In an area that is surrounded by a multitude of places to grab a bite, I found Cipriani Le Specialita to be one of the most desirable. Across from Grand Central Station, the space is tiny, but the menu vast and the food superb. We were lucky enough to be able to grab a small table after lining up and ordering our salad and sandwich. When I stopped by on a different day to grab a quick snack, the person behind the counter reminded me that at 4:00 each afternoon, whatever is remaining in their cases is offered at half price.
New York has more than its fair share of yakitori houses and sushi bars, but this Japanese transplant is concerned with presenting Teishoku, or home-style cooking, to its American diners. Since 1958, Japan has been fortunate enough to have access to this chain's nourishing, traditional fare, where a "healthy body and mind" are top priority. Throughout Asia, there are over three hundred Ootoya restaurants, and as of 2012, New Yorkers can dine in the light, airy interior of their elegant US flagship restaurant on 18th Street or their latest addition on 41st.
When I mentioned to a friend that I was up to 33rd Street, she reacted immediately, "You know that this is the street that Wolfgang's is on, don't you?" I loved the description that she and her husband shared with me. "It is an old world man-cave that has incredible charm and certainly appeals to the serious eater." Situated in the former historic Vanderbilt Hotel with magnificently tiled low vaulted ceilings, my husband and I agree that this is a splendid restaurant to dine.Wolfgang's, located in the sleek New York Times building on West 41st Street, is equally pleasant, but offers an entirely different ambiance. During the daytime, the sunlight streams in through the floor-to-ceiling windows, allowing the steaks to glisten even more as they are being brought to the tables. The businessmen in their suits still dominate during the lunch hour; however, theatergoers and tourists fill the restaurant in the evening.Wolfgang Zwiener spent some forty years digesting the world of steak by working in the iconic restaurant, Peter Luger's. Think of it this way, Wolfgang received a veritable master's degree in meats in Brooklyn, and now has earned his doctorate in his own restaurant, where he has written a top-notch thesis. When others might have chosen to slow down a bit or even to retire, he began opening his own restaurants.Over the years, I have been to the four in Manhattan, with the 33rd Street flagship location being the one where we have chosen to celebrate many special occasions. As noted, it is a favorite of friends of ours, and when I asked them to speak to me further about Wolfgang's, the immediate response was, "Personally, of all the steak houses in New York, this is the one to go to." They went on to describe the menu as not only having excellent steaks, but they also always look forward to ordering seafood, and then brace themselves as the kitchen presents them with a seafood platter appetizer that is "utterly outrageous." There are jumbo shrimp (my number one oxymoron) and lobster with huge pieces to devour, and thrown in for good measure, some oysters and clams. "Even if you leave the steak out of the equation, it makes for an incredible meal." But, who can leave the steak out? According to my husband, a man who is passionate about his meat, Wolfgang gets it right every time whether he decides on a filet or a porterhouse. And I, of course, am all about the side dishes and salads, which Wolfgang continues to deliver.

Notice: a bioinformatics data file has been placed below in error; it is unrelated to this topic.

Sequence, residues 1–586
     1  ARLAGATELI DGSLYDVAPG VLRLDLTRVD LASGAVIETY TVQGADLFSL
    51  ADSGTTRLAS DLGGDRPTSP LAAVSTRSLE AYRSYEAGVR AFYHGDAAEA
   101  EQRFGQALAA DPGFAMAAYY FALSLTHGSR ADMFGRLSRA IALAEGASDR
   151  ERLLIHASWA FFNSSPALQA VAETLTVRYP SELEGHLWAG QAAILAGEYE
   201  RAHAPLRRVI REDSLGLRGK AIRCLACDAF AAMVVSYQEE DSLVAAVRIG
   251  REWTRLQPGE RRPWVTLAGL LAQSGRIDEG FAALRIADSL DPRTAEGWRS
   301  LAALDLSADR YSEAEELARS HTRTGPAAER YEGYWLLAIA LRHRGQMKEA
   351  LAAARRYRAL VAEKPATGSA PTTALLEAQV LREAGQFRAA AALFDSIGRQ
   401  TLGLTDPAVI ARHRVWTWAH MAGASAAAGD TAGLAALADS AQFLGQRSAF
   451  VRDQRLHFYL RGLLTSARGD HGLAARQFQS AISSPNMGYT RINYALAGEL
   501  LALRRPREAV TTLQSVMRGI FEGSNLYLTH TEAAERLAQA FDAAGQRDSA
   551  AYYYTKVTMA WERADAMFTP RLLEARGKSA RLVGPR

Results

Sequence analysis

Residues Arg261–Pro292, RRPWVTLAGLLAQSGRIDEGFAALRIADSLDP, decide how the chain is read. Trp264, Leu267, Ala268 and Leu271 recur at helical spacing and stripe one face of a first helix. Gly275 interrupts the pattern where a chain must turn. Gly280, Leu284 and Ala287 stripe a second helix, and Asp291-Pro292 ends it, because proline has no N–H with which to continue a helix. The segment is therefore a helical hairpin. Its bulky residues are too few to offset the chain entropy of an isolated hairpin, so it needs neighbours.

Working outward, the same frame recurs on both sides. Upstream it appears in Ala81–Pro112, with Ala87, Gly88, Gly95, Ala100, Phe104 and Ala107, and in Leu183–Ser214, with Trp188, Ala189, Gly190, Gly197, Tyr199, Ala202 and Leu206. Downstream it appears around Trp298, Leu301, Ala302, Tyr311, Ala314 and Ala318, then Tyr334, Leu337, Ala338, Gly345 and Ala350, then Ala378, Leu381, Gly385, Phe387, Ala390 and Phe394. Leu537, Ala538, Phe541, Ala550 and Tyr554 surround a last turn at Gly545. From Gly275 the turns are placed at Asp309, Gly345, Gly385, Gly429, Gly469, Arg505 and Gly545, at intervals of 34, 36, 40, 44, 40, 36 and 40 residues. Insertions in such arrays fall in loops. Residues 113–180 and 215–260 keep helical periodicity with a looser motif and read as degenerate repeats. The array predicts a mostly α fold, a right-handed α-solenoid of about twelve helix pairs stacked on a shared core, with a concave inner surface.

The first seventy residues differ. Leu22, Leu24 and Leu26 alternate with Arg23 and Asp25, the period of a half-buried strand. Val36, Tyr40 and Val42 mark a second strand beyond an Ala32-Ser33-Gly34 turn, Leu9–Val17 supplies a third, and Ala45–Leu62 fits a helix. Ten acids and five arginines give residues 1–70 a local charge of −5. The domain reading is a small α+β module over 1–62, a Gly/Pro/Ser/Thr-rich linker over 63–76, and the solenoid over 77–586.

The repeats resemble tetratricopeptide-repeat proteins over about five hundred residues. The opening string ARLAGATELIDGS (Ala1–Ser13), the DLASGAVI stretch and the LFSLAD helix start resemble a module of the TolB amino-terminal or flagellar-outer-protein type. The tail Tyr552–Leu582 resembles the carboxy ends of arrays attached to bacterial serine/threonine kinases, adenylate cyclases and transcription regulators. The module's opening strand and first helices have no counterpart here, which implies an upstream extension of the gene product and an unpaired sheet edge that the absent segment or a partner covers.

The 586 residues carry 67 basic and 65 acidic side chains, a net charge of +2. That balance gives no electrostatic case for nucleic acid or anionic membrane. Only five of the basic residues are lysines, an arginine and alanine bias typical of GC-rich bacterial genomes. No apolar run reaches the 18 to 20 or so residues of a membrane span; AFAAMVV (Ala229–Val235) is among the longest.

In a city where cultural fads and neighborhoods change frequently, one necessity has remained the same - men continue to be in need of a haircut. That simple fact has kept Olde Tyme Barbers in business since 1929. Or at least that is how Joe “the Boss” Magnetico explains being successful, despite the way midtown has changed since his grandfather opened his doors.Joe is the third generation of barbers, and his daughter Anne-Marie is the fourth and first female barber in the family. Joe’s grandfather, the original “Joe the Barber,” first opened his shop at the Statler Hilton Hotel. In 1945, his son, Frank Magnetico, moved the barbershop to the current location on 41st Street underneath the Chanin building, a New York City national landmark. This makes Olde Tyme Barbers the oldest retail establishment currently in business on 41st from the East River to the New York Public Library.It is easy to tell that Joe, his family, and his staff take pride in the work that they do and the history they have created. Joe still uses the original chairs from the barbershop his grandfather opened. Sitting behind the cash register, Joe stated, “We’re not a business you can do on the internet.” By this he means that despite the way business and the neighborhood has changed in the past years, Joe and his family have survived for so long by remaining true to their trade. He charges what is fair and treats everyone who comes in with respect. Joe told me, “you have to be able to make relationships in business: it’s how you survive.” This is why Joe’s regulars are so loyal. Generations of men in the same family continue to come from all over the Metropolitan area to get their hair cut by his staff. They have been able to do something special in midtown - to create a neighborhood environment in an area of Manhattan that is not considered a neighborhood anymore.Joe ended our conversation by mentioning that he does not believe that he could open a barber shop in today’s market for the price that he charges on this block. "We are a dying breed in the sense that there is not much room in midtown for small owned businesses." In his opinion, all the chains in midtown do not bring the same sense of community or character to the area like the businesses that use to be there.
A boutique luxury hotel, run by the Spanish company, Eurostars, Dylan brings a European flair to midtown hospitality. The connected Benjamin's Steakhouse, one of the finest in the city, offers breakfast and room service for hotel guests. The building that the hotel occupies was once the Chemists' Club, which played host to a group of chemists meeting for reasons professional and social but ultimately moved further north. The building still bears the Chemists' Club name outside, which adds an air of alchemy to the facade.